Fasting Effects on Mitochondrial Fatty Acid β-Oxidation. Nine of the 18 C. elegans fasting response genes appear to encode enzymes involved in mitochondrial fatty acid β-oxidation (Table 1). Four were strongly induced: two acyl-CoA synthetase (ACS) genes (acs-2 and acs-11), one carnitine palmitoyl transferase-1 (CPT-I) gene (cpt-3), and one 3′-OH acyl-CoA dehydrogenase (HAD) gene (hacd-1). Mitochondrial ACS enzymes activate fatty acids for transport into the mitochondria via CPT-I and the carnitineshuttle system (17). Thus, fasting-dependent induction of acs-2, acs-11, and cpt-3 likely enhances the flow of fatty acids into the mitochondrial matrix for β-oxidation. These findings are similar to those in fasted mammals, in which increased expression of ACS and CPT-I genes is also thought to stimulate fat breakdown upon fasting (9, 18).

Surprisingly, fasting of C. elegans also led to the repression of mitochondrial β-oxidation genes, including a separate CPT-1 isoform (cpt-4), two short-chain acyl-CoA dehydrogenase genes (acdh-1 and acdh-2), and two enoyl-CoA hydratase genes (ech-1 and ech-6) (Table 1). Thus, food deprivation does not produce a global increase in mitochondrial β-oxidation gene expression, but selectively stimulates and represses different isoforms of these genes (see Fig. 1). We speculate that ordered activation and repression of β-oxidation genes might reflect tissue-specific regulation, differential control of enzymes with specific fatty acid chain length preferences, or an organized diversion of fatty acids into alternative β-oxidation enzyme complexes assembled to channel products into distinct metabolic fates. Although the effects were not nearly as dramatic, fasting also resulted in both activation and repression of genes involved in peroxisomal fatty acid β-oxidation (Fig. 1).

Fasting Activates a Rapid and Coordinated Energy Mobilization System. In all larval stages, fasting strongly enhanced expression of the malate-synthase/isocitrate-lyase gene gei-7 (Table 1). GEI-7 is a key enzyme in the glyoxylate pathway, which helps to convert fatty acid β-oxidation products into sugars. Our results are consistent with previous studies demonstrating that gei-7 is induced by fasting in all developmental stages (19, 20). It is likely that increased gei-7 expression under these conditions is instrumental in converting energy stored as fat into sugars. The glyoxylate pathway is analogous to the ketogenic pathway in mammals, which exploits acetyl-CoA generated by fatty acid β-oxidation to produce ketone bodies, a sugar substitute in times of fasting. Accordingly, fasting in mammals results in the induction of ketogenic enzymes (3).

Expression of the gei-7 gene increased dramatically within 1 h of food removal, with a kinetic profile similar to that of the fasting-induced mitochondrial β-oxidation genes acs-2 and cpt-3 (Fig. 2). We suggest that these genes function together as a primary fasting response system, acs-2 and cpt-3 helping to mobilize fat stores for energy production by enhancing flow of fatty acids into mitochondria for β-oxidation, and gei-7 helping to convert β-oxidation products into a carbohydrate energy source.

Fasting-Dependent Induction of ACS-2 in Intestine and Muscle. Several genes that affect overall fat storage, such as nhr-49, fat-7, and daf-2, modulate the expression of acs-2, which also controls fat storage (10, 11, 21). These studies, in combination with our finding that acs-2 is one of strongest fasting response genes, suggest that acs-2 is a key target for controlling fat expenditure via mitochondrial β-oxidation. To determine how fasting affected the expression and localization of ACS-2 protein in vivo, we analyzed an ACS-2:GFP reporter construct in fed and fasted animals. In fed animals, ACS-2:GFP protein is expressed in many tissues, including hypodermis, pharyngeal muscle, intestine, and neurons (Fig. 3 and data not shown). Consistent with the QRT-PCR data, we observed a dramatic increase in ACS-2::GFP after 12 h of fasting, especially in body-wall muscle and intestine (Fig. 3). As predicted, the ACS-2::GFP protein localized in a pattern consistent with that of mitochondrial proteins (22).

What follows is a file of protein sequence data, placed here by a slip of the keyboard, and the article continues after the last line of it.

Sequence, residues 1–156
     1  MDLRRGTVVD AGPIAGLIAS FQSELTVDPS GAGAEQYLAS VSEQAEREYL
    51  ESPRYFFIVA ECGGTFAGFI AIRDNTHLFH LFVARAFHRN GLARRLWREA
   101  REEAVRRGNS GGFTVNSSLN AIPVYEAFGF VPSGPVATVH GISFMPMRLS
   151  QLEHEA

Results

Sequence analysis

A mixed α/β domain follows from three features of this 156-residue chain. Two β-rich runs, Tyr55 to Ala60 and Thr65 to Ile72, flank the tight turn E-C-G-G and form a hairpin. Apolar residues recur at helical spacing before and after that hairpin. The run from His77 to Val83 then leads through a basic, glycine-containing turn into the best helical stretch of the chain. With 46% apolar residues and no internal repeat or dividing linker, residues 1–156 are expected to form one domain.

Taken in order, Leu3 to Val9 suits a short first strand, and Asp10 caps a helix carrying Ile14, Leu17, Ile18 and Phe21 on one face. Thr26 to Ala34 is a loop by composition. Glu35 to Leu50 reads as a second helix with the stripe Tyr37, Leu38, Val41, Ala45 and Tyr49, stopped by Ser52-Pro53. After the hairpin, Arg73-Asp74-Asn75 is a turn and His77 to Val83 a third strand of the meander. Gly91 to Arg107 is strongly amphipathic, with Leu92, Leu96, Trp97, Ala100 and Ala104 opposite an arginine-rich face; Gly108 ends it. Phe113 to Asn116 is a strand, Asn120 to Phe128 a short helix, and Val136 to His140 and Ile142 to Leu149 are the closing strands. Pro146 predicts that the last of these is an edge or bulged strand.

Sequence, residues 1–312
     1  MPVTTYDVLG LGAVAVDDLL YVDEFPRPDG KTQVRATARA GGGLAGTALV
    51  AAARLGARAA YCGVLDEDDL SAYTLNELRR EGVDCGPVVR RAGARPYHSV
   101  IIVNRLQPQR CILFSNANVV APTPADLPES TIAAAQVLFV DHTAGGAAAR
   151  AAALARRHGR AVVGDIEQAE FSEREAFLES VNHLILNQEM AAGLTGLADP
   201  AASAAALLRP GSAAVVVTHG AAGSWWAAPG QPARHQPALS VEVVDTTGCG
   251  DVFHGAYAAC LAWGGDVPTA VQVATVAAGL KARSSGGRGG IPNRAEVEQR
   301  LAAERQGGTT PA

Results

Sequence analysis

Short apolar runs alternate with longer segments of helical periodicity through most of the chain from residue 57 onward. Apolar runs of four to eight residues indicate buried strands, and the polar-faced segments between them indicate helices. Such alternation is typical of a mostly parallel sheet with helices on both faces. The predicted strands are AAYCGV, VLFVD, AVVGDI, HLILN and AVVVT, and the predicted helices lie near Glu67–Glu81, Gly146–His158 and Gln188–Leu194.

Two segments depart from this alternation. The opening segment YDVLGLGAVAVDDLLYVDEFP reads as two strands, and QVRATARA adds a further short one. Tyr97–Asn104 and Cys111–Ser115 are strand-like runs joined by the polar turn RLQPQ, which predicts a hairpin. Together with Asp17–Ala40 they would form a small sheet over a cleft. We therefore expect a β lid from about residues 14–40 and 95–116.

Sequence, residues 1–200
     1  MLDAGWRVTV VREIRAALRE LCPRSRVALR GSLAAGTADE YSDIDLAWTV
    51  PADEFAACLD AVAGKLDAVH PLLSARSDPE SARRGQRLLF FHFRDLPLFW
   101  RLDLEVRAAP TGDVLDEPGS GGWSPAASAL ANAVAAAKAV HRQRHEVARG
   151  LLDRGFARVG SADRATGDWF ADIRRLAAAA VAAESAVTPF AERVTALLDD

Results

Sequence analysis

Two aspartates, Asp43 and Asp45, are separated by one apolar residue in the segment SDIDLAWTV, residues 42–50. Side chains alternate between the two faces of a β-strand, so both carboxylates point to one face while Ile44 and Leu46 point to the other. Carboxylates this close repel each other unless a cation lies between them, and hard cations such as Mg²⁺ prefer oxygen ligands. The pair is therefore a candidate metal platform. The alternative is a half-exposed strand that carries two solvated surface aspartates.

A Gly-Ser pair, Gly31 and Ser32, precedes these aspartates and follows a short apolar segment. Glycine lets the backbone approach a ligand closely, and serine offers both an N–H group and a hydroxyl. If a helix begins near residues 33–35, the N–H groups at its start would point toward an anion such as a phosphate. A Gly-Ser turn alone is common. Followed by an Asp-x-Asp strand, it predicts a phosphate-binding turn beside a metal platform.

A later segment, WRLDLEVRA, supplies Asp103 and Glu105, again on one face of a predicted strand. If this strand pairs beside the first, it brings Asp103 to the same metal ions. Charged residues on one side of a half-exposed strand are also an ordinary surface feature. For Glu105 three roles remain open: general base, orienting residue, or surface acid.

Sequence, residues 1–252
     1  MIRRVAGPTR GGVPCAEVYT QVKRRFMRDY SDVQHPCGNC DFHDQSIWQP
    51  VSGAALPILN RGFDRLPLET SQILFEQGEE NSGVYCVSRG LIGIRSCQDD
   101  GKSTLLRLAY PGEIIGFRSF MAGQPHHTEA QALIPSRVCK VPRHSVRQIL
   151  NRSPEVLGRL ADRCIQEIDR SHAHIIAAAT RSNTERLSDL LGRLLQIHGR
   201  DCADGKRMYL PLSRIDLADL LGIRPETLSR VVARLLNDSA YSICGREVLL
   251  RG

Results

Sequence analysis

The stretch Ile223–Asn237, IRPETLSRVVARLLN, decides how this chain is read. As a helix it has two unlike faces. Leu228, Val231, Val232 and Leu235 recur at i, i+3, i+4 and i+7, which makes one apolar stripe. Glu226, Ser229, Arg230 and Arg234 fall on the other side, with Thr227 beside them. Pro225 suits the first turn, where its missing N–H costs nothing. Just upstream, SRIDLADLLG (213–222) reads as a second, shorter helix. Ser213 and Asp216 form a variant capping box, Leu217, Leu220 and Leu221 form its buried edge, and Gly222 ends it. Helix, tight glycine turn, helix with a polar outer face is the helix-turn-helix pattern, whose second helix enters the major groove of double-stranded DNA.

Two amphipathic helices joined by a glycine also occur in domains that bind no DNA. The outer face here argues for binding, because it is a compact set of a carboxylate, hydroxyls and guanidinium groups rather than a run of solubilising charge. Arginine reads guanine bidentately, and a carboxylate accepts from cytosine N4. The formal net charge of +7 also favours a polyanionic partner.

Fig. 3.
Induction and localization of ACS-2:GFP protein upon fasting. The two images display acs-2:gfp injected worms in the early adult stage of development. The animal in Left is well fed, whereas the two worms in Right have been fasted for 12 h. Arrows point ...

Previous studies have demonstrated that GEI-7, like ACS-2, is induced in the intestine and body wall muscle upon fasting (20). Thus, the coinduction of GEI-7 and ACS-2 in these two tissues further supports the hypothesis that these two proteins cooperate as a system to mobilize fats for conversion into sugars.

Fasting Affects Expression of Genes that Encode Fatty Acid-Binding Proteins (FABPs). Two fasting response genes, lbp-1 and lbp-8, share significant homology with mammalian FABPs (Table 1). FABPs associate with various lipids and are typically involved in the trafficking of fatty acids (23, 24). In fact, it has been proposed that FABPs can inhibit β-oxidation by sequestering fatty acids (23). Interestingly, lbp-8 expression was repressed after food removal, with kinetics similar to that observed for induction of the fat mobilization genes acs-2, gei-7, and cpt-3 (see Fig. 2). It is tempting to speculate that repression of lbp-8 may help free up fatty acids for β-oxidation, thus contributing to the primary nutrient response. In any case, it is likely that regulation of these two FABPs helps to mobilize and distribute fatty acids under conditions of fasting.